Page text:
Category Archives: Farm Life

Goats Gone Wild!

 

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We have been using electric fencing to keep our Kiko goats in all spring and summer, moving them at least once a week or more often to make sure they have plenty of food to eat.  We don’t have goat proof perimeter fencing, some areas have no fencing at all.  We are working to remedy that problem, but have had pretty good luck so far.

Suddenly it was fall.  The leaves started to change colors into a beautiful world.   A beautiful world where the goat’s favorite foods (brambles and woody plants)  are losing leaves.  The goats suddenly had to be moved every other day, they would eat every edilble thing they could find, and fast!  We were watching the goats and their food supply closely, but one Wednesday afternoon when Travis and I went to move the goats, the goats were gone!

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Straw Bale Building

 

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When we moved to our homestead a year ago, the plan was to build a house sometime in the near future.  After a year full of building infrastructure and adding animals to our homestead, it’s time to focus on the house!  We did a lot of research, reading books, watching videos and talking to people in the area before making our decision on what kind of house to build.  Let’s start on another adventure, and build a straw bale house!  Since this is a new way of building for us and there is a lot to learn, we decided to start small and build a guest house first.  The idea being that we will get all of the kinks worked out before we start on our house.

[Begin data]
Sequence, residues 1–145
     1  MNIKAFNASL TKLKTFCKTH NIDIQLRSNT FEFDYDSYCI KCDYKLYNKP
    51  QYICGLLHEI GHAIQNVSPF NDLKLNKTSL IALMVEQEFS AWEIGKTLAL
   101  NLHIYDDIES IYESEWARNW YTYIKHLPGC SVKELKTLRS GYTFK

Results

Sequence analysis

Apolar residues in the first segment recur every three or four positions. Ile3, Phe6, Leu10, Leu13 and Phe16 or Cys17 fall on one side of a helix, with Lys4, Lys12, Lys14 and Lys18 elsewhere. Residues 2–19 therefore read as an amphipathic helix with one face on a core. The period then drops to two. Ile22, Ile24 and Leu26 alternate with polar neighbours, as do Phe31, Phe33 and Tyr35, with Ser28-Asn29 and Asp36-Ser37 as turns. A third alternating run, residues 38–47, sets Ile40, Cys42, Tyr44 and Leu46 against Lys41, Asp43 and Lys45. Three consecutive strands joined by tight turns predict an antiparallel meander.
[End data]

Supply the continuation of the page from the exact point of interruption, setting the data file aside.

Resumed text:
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It’s Been One Year on the Homestead

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It’s been a year since we moved from our hobby farm just outside a city to our beautiful homestead in the holler!  We’ve gotten a lot done, yet the to-do list is still a mile long.  I have a feeling that the to-do list is going to be constantly growing as we think of more things to add and make improvements to what we’ve done.  We’ve learned a lot this past year and will continue to learn as time goes on. So what have we learned?